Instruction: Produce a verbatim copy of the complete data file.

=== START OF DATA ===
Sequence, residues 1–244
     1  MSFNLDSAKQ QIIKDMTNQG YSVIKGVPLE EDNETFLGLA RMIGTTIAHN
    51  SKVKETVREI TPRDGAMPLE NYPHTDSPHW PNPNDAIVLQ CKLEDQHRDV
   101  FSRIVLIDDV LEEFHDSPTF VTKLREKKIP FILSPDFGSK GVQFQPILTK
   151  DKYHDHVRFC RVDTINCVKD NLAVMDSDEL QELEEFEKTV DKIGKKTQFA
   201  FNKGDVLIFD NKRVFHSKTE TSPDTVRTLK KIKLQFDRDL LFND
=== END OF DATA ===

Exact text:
Sequence, residues 1–244
     1  MSFNLDSAKQ QIIKDMTNQG YSVIKGVPLE EDNETFLGLA RMIGTTIAHN
    51  SKVKETVREI TPRDGAMPLE NYPHTDSPHW PNPNDAIVLQ CKLEDQHRDV
   101  FSRIVLIDDV LEEFHDSPTF VTKLREKKIP FILSPDFGSK GVQFQPILTK
   151  DKYHDHVRFC RVDTINCVKD NLAVMDSDEL QELEEFEKTV DKIGKKTQFA
   201  FNKGDVLIFD NKRVFHSKTE TSPDTVRTLK KIKLQFDRDL LFND